It’s been almost three years since the last ‘Shopaholic’ novel hit the bookstores and Becky Brandon (nee Bloomwood) was unleashed upon a series of high streets and the designer stores that line them. The latest offering from prolific writer Sophie Kinsella follows Becky – now mum to a toddler daughter who is the mini shopaholic of the book’s title – as she becomes embroiled in a series of typical mishaps and misfortunes, which are only partly due to her renown shopping addiction.
Stuck living with her parents due to some serious bad luck that has seen five house purchases fall through, Becky is on a one-woman mission to stage and host a surprise birthday party for her work-obsessed husband, Luke. It’s a task that on paper shouldn’t be too arduous, especially as Luke ordinarily has little to no interest in celebrating his birthday. In reality, Becky’s path to success is fraught with numerous stumbling blocks that would make a lesser woman abandon the venture in haste. This is magnified by Becky’s attempt to pull this off as the society event of the year on an excruciatingly tight budget (you can almost feel Becky’s pain when she has to resort to English sparkling wine to cater her guests). As Becky hurtles towards Luke’s birthday and the day of the big party, she becomes embroiled with a shadowy figure from the past and family relationships are put under strain.
Although the title implies that the book is about Becky’s daughter, Minnie, who was first introduced to loyal readers in Kinsella’s previous novel, Shopaholic and Baby, the truth is that Minnie is almost more of a background character, albeit a strong one around whom several threads of the story are hung. At the tender age of two, Minnie is the epitome of a toddler-gone-wild. She is a dab hand at ordering designer togs on the Internet and like most two year olds, she likes to ascertain what possessions belong to her (which is mostly everything she sets her eyes on). It is Minnie’s presence that adds weight to certain sub-plots and story developments as Becky ricochets through the toils and travails of motherhood, many of which are all too familiar.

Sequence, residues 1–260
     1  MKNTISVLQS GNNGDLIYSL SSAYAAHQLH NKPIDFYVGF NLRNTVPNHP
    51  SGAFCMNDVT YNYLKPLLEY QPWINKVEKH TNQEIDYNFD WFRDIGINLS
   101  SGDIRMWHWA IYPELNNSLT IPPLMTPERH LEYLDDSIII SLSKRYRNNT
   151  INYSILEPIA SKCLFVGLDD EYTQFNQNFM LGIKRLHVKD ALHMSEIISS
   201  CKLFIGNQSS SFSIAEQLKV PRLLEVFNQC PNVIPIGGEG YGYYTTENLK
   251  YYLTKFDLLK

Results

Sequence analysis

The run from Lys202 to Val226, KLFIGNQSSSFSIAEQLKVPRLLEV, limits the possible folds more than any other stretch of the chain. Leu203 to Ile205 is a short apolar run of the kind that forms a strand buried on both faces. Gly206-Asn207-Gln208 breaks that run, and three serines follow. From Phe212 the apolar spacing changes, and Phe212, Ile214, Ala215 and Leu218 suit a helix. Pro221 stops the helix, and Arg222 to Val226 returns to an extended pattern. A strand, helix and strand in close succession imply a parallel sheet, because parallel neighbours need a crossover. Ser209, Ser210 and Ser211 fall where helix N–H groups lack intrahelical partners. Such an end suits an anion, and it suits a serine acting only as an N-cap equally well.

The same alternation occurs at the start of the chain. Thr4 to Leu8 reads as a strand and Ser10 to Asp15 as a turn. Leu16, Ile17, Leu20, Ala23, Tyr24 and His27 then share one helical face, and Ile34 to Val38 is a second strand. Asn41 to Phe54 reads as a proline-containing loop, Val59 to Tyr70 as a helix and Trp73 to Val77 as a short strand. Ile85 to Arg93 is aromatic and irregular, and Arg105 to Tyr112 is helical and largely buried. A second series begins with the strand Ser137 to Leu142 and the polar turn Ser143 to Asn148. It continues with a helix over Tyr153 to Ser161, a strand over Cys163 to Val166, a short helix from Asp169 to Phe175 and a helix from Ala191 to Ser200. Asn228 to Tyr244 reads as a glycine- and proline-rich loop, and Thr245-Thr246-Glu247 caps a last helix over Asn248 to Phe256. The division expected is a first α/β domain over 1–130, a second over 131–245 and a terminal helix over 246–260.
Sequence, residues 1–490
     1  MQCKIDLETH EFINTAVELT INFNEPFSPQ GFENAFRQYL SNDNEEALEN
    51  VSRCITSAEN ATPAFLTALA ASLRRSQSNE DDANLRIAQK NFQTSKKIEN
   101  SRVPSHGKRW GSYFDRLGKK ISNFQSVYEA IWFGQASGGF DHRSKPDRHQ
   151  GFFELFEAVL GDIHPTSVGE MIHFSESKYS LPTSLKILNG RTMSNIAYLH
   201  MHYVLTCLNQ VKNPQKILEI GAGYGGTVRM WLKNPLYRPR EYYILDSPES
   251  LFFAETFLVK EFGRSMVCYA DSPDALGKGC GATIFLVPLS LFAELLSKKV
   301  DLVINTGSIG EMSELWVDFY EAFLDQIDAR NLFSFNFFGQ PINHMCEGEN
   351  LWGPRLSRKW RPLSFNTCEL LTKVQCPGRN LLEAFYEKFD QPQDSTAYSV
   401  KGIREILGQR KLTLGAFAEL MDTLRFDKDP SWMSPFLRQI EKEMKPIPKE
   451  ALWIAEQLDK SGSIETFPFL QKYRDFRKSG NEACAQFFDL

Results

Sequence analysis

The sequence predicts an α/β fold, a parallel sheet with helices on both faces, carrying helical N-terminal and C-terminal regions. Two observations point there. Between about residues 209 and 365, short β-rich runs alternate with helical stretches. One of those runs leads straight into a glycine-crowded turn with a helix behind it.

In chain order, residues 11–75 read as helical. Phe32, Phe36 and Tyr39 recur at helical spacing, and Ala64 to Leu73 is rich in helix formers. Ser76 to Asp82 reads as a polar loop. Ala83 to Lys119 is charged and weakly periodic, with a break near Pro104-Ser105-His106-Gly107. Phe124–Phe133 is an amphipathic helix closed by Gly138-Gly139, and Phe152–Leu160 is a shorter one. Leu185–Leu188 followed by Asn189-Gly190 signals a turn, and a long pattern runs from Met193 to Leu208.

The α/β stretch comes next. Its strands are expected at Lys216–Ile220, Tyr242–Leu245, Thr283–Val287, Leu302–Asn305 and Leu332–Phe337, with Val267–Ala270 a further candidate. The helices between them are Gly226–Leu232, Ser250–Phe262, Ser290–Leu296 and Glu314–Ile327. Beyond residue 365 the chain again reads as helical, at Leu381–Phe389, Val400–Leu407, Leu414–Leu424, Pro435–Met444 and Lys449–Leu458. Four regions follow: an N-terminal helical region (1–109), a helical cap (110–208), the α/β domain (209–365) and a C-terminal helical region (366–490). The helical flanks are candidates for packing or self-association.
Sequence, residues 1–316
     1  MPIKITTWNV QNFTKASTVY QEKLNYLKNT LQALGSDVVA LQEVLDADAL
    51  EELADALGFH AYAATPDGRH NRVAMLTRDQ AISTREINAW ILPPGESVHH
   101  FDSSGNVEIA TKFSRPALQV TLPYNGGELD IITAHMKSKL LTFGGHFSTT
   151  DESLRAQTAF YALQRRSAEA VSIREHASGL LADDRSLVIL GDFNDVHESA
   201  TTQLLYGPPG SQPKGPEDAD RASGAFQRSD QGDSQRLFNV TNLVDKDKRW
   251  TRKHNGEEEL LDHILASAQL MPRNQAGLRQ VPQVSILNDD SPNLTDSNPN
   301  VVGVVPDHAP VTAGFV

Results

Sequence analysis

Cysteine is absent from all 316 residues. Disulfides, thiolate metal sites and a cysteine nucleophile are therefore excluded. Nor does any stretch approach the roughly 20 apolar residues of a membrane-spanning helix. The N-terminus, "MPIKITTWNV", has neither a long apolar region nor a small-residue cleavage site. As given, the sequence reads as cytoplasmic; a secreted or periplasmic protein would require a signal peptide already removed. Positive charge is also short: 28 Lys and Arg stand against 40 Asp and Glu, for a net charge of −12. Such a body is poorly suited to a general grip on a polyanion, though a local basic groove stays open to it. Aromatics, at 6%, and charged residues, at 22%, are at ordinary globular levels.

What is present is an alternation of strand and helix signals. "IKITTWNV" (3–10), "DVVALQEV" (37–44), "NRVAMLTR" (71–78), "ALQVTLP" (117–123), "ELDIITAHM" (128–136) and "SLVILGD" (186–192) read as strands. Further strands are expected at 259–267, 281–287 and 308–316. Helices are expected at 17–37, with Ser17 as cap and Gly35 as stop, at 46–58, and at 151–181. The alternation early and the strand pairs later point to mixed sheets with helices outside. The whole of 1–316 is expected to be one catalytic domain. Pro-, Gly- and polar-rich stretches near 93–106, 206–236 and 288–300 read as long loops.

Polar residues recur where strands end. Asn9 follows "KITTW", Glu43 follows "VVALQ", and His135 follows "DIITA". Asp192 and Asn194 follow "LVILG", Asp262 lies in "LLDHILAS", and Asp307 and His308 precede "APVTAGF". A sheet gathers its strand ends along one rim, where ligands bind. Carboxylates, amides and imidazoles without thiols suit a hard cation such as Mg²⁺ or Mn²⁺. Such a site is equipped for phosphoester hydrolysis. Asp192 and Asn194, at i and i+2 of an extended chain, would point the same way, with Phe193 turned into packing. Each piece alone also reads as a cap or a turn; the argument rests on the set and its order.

Kinsella injects a fictional interpretation on current events and trends, the main of which is the recession and the clashing themes of ‘make do and mend’ and ‘keep calm and carry on’. This makes the reader more able to relate to some of the reasons behind some of Becky’s more hare-brained scrapes. Becky’s ‘interesting’ – if just a little bit self-serving – approach towards teaching her young daughter the finer points of personal finance will surely be remembered as a Bloomwood classic.
Mini Shopaholic is a riotous and feel-good read and another stellar addition to the Shopaholic franchise. There are plenty of laugh-out loud moments interspersed with snips of dialogue that will have you quietly snorting away. This is especially true of scenes involving the delightful and determined Minnie, clad in her own Junior D&G suede boots, who is fast following in her mother’s footsteps.
As always, Kinsella stays true to Becky’s fashion aficionado roots as the names of designers and descriptions of key seasonal pieces are peppered throughout the text. If you are new to the Shopaholic series, Kinsella provides sufficient but subtle background in this book to get you slap bang up to speed on the in’s and out’s of Becky’s world.
Sophie Kinsella is an engaging and witty writer and with Becky Brandon, she has created a hugely lovable heroine who you root for and whom you are genuinely interested in which no doubt accounts for the success of the books as they span pivotal changes in Becky’s life. This is reinforced with a narrative that is stamped with Becky’s chatty and conversational tone. Ultimately, this is chick-lit at it’s best; with memorable characters, entertaining scenes, the undercurrent of romance and a hint of the outlandish – a perfectly frivolous and frothy read.
By Devona Anidi
Mini Shopoholic, £8.99 from Amazon. To buy now, click here.